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Companies can cut healthcare expenses, offset future cost increases and realize direct bottom-line savings with dependent eligibility audits, reveals the co-founder of a leading healthcare cost containment solutions provider. Such verification not only delivers immediate savings. It has also improved the employer playing field, he reports.

Healthcare provision costs are expected to surge another nine percent next year, according to PricewaterhouseCoopers. To mitigate this increase, many self-funded companies are looking at all options. Unfortunately, most of the talk about healthcare reform focuses on expanding coverage and not on reducing costs. This leaves employers to figure out how to manage the added expense to remain competitive in the market – both in their employee recruiting/retention efforts and with their product/service offerings.
The most effective and least burdensome cost avoidance measure available is to stop covering ineligible individuals. Before compromising benefit levels or saddling employees with higher contributions and additional out-of-pocket expenses, businesses should first consider comprehensive dependent eligibility verification (DEV), which can immediately avoid plan costs by as much as six percent. Not only will there be a significant savings in the initial year, but results can continue to save a company money down the road if verification is performed for new participants at the time of initial enrollment.

Reducing the Cost Burden
Healthcare coverage is a significant factor in the cost structure of any company, particularly those in the highly competitive, global manufacturing business. Faced with foreign competition supported by state-run healthcare plans and the demand for quality products at the lowest price, American manufacturers must make the control of healthcare expenses a primary concern.

It can be surprisingly easy for ineligible dependents to find their way onto your company’s health insurance plan and remain there for a long time. Most companies without a comprehensive verification process rely on limited verification or the oft-adopted honor system. By asking employees to verify their dependents, businesses make it relatively simple for ineligible dependents to slip into the system, either intentionally or unintentionally. In some cases, unclear eligibility requirements confuse employees, who inadvertently add ineligible dependents, not realizing that these dependents do not qualify.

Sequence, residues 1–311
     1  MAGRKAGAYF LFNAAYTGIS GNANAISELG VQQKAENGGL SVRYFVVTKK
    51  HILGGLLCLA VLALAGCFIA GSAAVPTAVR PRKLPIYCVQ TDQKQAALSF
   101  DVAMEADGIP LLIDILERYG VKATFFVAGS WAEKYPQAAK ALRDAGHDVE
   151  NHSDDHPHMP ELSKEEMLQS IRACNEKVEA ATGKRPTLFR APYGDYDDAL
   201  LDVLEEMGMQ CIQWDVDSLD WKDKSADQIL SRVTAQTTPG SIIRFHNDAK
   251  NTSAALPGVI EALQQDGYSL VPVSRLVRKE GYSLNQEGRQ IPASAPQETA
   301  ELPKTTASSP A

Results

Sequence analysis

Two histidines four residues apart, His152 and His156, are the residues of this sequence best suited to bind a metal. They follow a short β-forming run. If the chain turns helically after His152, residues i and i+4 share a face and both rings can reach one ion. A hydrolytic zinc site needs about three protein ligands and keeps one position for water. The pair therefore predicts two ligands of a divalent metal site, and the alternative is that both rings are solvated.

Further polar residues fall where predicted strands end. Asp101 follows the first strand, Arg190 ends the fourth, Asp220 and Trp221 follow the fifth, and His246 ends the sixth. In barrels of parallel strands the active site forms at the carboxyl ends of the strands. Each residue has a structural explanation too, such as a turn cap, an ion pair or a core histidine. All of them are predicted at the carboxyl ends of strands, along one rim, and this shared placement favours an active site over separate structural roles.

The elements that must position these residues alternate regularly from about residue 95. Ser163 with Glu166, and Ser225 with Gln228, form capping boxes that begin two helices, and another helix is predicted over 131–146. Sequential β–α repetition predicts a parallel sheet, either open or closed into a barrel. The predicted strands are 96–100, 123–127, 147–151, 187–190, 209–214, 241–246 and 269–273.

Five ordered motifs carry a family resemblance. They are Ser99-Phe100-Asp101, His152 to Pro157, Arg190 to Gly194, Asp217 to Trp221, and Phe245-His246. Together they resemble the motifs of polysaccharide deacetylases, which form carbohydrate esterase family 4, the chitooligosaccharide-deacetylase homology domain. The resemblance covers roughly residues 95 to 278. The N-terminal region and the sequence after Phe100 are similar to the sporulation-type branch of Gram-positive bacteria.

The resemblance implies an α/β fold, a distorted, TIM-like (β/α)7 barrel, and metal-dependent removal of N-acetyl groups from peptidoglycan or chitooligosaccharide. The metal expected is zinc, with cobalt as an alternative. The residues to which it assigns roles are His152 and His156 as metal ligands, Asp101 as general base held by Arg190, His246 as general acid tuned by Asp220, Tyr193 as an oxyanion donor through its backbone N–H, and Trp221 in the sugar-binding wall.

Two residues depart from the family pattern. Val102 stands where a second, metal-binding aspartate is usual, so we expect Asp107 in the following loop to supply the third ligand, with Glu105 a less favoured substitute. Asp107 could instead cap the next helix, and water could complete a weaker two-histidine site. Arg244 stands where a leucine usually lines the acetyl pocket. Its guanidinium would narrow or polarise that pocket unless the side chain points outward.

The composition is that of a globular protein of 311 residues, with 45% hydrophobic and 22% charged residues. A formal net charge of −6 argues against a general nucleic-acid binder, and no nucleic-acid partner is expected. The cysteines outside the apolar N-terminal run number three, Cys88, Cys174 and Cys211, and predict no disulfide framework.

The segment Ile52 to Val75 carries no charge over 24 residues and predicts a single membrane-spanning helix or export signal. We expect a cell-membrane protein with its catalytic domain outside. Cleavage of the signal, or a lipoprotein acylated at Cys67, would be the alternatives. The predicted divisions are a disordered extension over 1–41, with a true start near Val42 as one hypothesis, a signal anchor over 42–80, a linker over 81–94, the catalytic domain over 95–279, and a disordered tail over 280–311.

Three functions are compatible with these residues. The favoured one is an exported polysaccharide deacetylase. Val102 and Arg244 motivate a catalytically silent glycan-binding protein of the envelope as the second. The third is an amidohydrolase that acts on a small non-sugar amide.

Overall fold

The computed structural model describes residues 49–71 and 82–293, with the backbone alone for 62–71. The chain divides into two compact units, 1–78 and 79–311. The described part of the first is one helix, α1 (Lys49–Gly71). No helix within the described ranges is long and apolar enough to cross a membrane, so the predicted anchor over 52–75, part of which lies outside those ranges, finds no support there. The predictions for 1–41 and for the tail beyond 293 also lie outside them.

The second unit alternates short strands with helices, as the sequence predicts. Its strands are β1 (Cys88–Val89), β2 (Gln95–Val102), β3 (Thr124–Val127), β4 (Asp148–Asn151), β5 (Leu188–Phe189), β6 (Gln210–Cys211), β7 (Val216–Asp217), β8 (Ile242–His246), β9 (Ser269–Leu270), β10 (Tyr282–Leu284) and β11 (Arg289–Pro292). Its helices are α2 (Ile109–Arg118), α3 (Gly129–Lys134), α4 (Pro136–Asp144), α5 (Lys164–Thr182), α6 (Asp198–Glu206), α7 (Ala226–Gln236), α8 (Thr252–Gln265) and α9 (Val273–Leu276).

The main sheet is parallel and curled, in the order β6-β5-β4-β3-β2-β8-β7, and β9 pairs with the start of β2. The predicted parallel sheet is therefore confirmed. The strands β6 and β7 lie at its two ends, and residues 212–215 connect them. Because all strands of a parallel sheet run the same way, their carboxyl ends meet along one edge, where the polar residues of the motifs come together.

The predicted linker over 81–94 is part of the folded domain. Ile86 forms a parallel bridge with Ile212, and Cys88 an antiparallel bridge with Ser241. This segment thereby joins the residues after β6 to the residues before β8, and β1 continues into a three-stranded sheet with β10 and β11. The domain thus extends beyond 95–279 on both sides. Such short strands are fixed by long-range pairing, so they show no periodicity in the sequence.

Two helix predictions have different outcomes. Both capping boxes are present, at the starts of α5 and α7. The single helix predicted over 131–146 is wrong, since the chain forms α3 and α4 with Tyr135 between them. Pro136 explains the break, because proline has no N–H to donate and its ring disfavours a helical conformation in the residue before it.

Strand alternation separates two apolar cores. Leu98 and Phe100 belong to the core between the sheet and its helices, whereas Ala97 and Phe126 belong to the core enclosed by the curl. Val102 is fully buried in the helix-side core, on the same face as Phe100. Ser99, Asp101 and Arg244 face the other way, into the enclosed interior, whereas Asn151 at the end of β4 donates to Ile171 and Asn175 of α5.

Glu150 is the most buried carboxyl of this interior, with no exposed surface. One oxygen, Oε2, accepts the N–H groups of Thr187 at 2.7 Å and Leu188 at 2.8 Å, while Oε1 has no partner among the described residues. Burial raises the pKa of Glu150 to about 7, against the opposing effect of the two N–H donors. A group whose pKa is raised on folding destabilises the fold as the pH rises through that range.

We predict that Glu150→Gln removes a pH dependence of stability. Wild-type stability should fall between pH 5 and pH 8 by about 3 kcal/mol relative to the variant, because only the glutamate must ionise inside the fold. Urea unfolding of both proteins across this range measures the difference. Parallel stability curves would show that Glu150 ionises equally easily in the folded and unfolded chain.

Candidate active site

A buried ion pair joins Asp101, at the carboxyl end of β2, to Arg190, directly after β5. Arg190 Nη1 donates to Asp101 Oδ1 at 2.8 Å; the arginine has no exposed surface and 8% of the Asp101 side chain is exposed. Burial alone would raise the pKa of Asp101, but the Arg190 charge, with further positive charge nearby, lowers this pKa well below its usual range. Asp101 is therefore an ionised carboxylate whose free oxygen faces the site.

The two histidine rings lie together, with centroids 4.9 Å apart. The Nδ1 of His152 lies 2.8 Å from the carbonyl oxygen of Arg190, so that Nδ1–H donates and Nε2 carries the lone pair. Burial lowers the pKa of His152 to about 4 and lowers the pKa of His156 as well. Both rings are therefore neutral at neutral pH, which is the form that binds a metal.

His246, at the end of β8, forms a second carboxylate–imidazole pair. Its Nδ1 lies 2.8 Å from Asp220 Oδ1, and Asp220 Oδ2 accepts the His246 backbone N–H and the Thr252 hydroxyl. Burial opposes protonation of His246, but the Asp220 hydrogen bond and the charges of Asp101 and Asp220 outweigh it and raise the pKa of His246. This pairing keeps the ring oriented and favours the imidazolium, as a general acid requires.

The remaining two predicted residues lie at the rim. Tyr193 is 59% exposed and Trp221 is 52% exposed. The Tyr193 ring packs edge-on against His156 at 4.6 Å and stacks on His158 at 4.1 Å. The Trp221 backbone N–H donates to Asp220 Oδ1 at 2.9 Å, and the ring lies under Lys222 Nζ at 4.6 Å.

In a typical DEV audit, as many as 10 percent of covered dependents may be found ineligible. These individuals place an unnecessary cost burden on the company and its eligible employees/dependents, often driving up costs for the insurer, as well as premiums, out-of-pocket expenses and co-payments for those legitimately eligible for coverage.

Who is Ineligible?
While every insurer may have specific rules governing eligibility, there are typically three classes of ineligible dependents found most often during a DEV audit. These include:

  • Children under the age of 19 who do not meet the relationship requirements defined by the plan or by law. This might be former step-children, extended family members, or those for whom the employee is not responsible for providing coverage.
  • Adult children (ages 19-25) who join the plan under the new reform laws that enable this, but who are not actually related to the employee. For example, the child’s spouse might try to enroll by appearing as another adult child of the employee because they share the same last name.
  • Former spouses who remain on the plan after a divorce. Ineligible former spouses or individuals who never qualified as a spouse can account for as much as 50 to 60 percent of the cost savings in a DEV audit, even though they represent only about 35 percent of ineligible dependents discovered.

With the average annual benefits outlay of $3,000 per year per dependent, the savings realized by eliminating ineligibles can quickly add up. In fact, in a recent DEV audit, one major multinational manufacturer of consumer safety products identified more than 2,700 ineligible dependents on its plan in just three months. By eliminating those ineligibles, the company saved approximately $11.5 million in the first year alone – savings that went directly to the bottom line.